Re: UPS shutdown scenario question

This was originally posted on APC forums on 7/10/2014


Thanks for the response! I'm using NMC AP9631 (I've attached a screenshot). Is there a way to tell the exact model number without looking at the back of the unit? I'm not onsite with it right now, but I can check it if need be. I'm sorry if these are rudimentary questions, but wouldn't anything have to be set in the "shutdown" part of the image you posted? Just trying to get my head wrapped around the whole thing before I put this into production.. Thanks for your help!

2404_Capture1.PNG2403_Capture.PNG

BillP
Administrator Administrator
Administrator
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312

Re: UPS shutdown scenario question

This reply was originally posted by Bill on APC forums on 7/10/2014


Hi,

In the configuration I sent when the outlet group reaches a remaining runtime of 1800 seconds it will send a shutdown command to any PCNS client that has been configured to listen to that outlet group. Configuring the PCNS client outlet group is done through he PCNS web interface or pcnsconfig.ini file. The NMC will wait 180 seconds after sending the command to PCNS and then tell the UPS to cut power to the outlet group. When AC is restored it will what 900 seconds and then if the battery can sustain the load for greater that 1800 seconds the outlet group will be energized.

How the load is determined is at the time the NMC sends the shutdown command to PCNS it captures the load / draw information. Using that info it determine how long the battery will need to charge to sustain that load / draw.

kurtish99_apc
Crewman
Crewman
0 Likes
0
312

Re: UPS shutdown scenario question

This was originally posted on APC forums on 7/10/2014


OK.. that makes sense.. how does the page shown below factor into it?2408_Capture.PNG

BillP
Administrator Administrator
Administrator
0 Likes
0
313

Re: UPS shutdown scenario question

This reply was originally posted by Bill on APC forums on 7/11/2014


Hi,

Low battery will trigger a shutdown of all outlet group. The low battery duration should be configured to allow enough time for all system to power down before the battery drains completely. Since you are not configuring the shutdown in PCNS then Maximum required delay would not be used.

Here is the description of all of those setting for the NMC help page

**********

Start of Shutdown
Low Battery DurationDefines how long the UPS can continue to run on battery power after a low-battery condition occurs.
Shutdown DelayDefines how long the UPS waits before it shuts down in response to a turn-off command.
Maximum Required DelayCalculates the delay needed to ensure that each PowerChute client has enough time to shut down safely when the UPS or the PowerChute client initiates a graceful shutdown. Maximum Required Delay is the longest shutdown delay needed by any server listed as a PowerChute Network Shutdown client. This delay is calculated whenever the management interface of the UPS turns on or is reset, or when "Force Negotiation" is selected as Maximum Required Delay. "Force Negotiation" polls each client for information on the time it needs for a graceful shutdown. Two extra minutes to allow for unforeseen circumstances is then added to the calculated time. The negotiation can take up to 10 minutes. If you do not select "Force Negotiation", two minutes is used by default as the shutdown delay for all clients.
Basic Signaling ShutdownWhen enabled, allows basic-signaling shutdown. Basic signaling provides safe system shutdown and notification, but does not provide the continuous advanced monitoring features available with advanced signaling. Enable basic-signaling shutdown if your computer is connected to the UPS with a basic-signaling cable, and the type of UPS either does not support advanced signaling or is configured to communicate in basic signaling.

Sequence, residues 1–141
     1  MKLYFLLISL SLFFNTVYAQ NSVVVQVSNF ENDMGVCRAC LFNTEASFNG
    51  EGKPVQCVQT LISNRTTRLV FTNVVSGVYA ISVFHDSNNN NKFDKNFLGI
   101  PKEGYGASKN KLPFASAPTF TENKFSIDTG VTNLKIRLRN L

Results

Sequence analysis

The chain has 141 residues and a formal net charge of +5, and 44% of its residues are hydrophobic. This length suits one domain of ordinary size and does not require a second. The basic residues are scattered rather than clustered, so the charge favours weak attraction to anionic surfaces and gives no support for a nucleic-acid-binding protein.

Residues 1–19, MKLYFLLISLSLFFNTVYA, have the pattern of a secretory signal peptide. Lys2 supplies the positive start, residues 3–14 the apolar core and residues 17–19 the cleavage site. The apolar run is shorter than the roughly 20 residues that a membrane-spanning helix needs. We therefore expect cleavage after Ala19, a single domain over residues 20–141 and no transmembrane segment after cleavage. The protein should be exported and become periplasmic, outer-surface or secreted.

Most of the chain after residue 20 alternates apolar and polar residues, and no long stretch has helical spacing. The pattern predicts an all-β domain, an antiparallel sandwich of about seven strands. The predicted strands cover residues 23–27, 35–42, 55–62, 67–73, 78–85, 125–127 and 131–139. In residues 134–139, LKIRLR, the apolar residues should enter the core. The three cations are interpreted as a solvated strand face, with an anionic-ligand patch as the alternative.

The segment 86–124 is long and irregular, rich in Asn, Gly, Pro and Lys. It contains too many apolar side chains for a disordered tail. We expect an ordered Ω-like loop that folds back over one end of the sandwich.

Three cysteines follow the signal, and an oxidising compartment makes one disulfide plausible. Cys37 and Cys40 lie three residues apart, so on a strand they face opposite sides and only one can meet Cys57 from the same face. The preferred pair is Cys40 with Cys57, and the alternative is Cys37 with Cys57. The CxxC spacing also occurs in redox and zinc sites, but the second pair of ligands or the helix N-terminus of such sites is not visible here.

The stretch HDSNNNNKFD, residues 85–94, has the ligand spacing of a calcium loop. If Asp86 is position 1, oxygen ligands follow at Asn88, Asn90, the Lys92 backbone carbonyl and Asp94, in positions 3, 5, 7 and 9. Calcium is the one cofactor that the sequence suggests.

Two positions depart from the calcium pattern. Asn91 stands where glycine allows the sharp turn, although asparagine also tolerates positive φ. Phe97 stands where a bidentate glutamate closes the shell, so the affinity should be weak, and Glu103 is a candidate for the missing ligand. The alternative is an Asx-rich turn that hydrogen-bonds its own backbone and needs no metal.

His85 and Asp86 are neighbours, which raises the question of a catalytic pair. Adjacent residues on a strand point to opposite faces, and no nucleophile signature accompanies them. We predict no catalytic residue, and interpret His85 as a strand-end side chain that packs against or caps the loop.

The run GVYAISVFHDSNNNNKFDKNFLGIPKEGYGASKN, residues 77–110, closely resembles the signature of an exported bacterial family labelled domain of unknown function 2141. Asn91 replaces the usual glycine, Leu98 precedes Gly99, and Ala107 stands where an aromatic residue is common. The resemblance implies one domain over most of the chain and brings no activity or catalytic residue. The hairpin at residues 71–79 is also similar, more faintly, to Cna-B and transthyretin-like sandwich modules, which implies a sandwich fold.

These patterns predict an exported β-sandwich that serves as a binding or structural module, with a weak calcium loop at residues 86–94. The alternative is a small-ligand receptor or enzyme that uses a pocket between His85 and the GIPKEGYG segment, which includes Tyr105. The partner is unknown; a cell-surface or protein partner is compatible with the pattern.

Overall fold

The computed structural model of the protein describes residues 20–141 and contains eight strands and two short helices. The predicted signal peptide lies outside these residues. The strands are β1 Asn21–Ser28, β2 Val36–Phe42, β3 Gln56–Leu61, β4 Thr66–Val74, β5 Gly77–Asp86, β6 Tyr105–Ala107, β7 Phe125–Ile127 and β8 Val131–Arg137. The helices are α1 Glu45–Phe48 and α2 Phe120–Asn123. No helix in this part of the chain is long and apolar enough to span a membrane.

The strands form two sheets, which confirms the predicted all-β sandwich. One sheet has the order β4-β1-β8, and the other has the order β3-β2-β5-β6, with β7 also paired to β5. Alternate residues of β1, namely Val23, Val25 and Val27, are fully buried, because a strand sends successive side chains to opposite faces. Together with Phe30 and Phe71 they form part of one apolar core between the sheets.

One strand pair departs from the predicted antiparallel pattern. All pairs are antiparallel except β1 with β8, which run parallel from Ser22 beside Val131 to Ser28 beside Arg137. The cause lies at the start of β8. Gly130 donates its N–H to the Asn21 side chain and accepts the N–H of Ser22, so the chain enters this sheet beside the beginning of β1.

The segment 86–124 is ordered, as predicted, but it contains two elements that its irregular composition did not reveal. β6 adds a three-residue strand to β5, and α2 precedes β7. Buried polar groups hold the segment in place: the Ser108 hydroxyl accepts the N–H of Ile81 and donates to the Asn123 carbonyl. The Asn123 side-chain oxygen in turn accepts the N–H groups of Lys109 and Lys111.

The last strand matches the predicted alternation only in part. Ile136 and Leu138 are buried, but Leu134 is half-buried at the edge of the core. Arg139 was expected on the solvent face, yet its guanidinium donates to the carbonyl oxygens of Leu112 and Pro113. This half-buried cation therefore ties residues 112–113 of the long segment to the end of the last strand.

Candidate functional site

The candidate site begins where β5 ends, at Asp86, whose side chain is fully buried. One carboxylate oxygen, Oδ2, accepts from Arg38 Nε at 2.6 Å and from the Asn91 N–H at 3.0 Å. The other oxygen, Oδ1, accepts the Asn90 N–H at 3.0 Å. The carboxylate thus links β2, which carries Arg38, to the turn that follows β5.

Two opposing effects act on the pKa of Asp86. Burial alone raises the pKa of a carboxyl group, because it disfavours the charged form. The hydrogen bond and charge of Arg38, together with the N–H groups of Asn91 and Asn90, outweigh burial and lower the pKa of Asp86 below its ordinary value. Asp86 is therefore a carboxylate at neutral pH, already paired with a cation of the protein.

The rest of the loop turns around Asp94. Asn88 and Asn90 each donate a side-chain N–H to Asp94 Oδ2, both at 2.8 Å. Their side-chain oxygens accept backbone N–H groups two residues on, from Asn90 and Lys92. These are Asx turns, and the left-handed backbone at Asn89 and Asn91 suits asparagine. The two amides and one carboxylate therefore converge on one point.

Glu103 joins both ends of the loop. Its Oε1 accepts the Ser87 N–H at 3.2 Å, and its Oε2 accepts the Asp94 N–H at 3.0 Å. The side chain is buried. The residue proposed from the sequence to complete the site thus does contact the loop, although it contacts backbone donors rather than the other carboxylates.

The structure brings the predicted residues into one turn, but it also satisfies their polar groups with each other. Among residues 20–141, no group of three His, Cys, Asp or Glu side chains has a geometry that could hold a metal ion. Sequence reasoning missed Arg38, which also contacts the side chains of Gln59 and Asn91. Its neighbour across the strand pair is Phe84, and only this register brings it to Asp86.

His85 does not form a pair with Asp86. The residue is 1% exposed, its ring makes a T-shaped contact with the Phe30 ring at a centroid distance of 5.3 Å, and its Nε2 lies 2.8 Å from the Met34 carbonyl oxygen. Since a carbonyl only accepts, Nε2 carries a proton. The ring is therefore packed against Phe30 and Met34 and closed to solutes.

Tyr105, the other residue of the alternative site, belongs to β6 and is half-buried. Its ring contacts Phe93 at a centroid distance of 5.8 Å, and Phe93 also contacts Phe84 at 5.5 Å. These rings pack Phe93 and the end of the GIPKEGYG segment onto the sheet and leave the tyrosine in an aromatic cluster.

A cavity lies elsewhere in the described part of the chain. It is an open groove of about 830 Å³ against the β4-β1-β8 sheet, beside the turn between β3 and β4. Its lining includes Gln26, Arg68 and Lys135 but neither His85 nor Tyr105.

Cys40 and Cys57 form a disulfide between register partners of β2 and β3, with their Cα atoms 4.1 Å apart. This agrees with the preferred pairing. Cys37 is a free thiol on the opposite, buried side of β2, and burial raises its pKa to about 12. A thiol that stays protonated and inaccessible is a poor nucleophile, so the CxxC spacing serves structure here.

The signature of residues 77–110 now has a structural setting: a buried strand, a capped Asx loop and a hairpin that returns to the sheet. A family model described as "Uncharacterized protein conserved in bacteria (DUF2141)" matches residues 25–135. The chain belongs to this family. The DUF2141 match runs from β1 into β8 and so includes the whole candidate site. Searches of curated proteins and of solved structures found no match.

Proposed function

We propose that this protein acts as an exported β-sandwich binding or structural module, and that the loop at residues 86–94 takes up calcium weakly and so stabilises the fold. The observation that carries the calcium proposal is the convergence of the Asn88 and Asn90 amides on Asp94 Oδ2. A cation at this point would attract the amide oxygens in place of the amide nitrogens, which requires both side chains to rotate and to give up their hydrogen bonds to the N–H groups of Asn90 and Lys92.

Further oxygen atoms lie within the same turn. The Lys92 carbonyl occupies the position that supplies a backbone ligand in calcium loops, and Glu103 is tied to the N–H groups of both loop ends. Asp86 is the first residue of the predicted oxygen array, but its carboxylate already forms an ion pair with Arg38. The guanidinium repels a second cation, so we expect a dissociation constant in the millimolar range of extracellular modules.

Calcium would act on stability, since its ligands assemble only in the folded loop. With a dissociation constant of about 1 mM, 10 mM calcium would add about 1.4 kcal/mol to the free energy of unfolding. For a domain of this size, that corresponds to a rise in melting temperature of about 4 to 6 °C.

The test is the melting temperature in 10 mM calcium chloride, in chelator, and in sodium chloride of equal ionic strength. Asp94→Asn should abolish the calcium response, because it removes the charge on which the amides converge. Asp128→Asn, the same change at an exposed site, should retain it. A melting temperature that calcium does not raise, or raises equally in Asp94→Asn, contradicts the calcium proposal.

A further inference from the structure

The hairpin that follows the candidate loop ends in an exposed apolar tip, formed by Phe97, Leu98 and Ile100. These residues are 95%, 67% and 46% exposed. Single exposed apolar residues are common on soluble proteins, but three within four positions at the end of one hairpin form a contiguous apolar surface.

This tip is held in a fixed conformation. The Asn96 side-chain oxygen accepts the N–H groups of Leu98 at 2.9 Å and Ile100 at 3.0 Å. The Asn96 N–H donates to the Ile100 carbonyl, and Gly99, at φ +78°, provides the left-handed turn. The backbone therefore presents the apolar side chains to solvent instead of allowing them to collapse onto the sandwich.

Controlled Early Shutdown
Time On BatteryWhen enabled the NMC will turn off the UPS if it is running on battery when the time on battery exceeds the value set here.
Runtime RemainingWhen enabled the NMC will turn off the UPS if it is running on battery when the runtime remaining of the UPS is less than the value set here.
Percent LoadWhen enabled the NMC will turn off the UPS if it is running on battery when the output percent load of the UPS is less than the value set here.
Stay Off After Power ReturnsWhen enabled after a controlled early shutdown turns off the UPS, the UPS will not turn back on when AC power is restored to the UPS. If this is disabled, the UPS will turn on when AC power is restored.
Duration of Shutdown
Sleep TimeDefines how long the UPS sleeps (keeps its output power turned off) when you use the "Put UPS To Sleep" option of the "Control" menu.
End of Shutdown
Minimum Battery CapacityThe minimum battery capacity, as a percentage of full capacity, required in order for the UPS to end its sleep time (or turn back on when rebooted) and resume providing output power.
Return DelayDefines how long the UPS waits before it turns on after a shutdown that was caused by a power failure, after a scheduled shutdown, or after a shutdown initiated by a Control command. If the battery is depleted below the percentage configured as "Minimum Battery Capacity", the UPS first waits until the battery is recharged to that minimum capacity.
PowerChute Network Shutdown Parameters
Maximum Required DelayCalculates the delay needed to ensure that each PowerChute client has enough time to shut down safely when the UPS or the PowerChute client initiates a graceful shutdown. Maximum Required Delay is the longest shutdown delay needed by any server listed as a PowerChute Network Shutdown client. This delay is calculated whenever the management interface of the UPS turns on or is reset, or when "Force Negotiation" is selected as Maximum Required Delay. "Force Negotiation" polls each client for information on the time it needs for a graceful shutdown. Two extra minutes to allow for unforeseen circumstances is then added to the calculated time. The negotiation can take up to 10 minutes. If you do not select "Force Negotiation", two minutes is used by default as the shutdown delay for all clients.
On-Battery Shutdown BehaviorAfter the PowerChute clients shut down their computer systems, this parameter determines whether the UPS turns on automatically or must be turned on manually when input power is restored.
Authentication PhraseSets the case-sensitive phrase of 15 to 32 ASCII characters to be used during MD5 authentication for PowerChute communication. The default setting is "admin user phrase" for Administrator.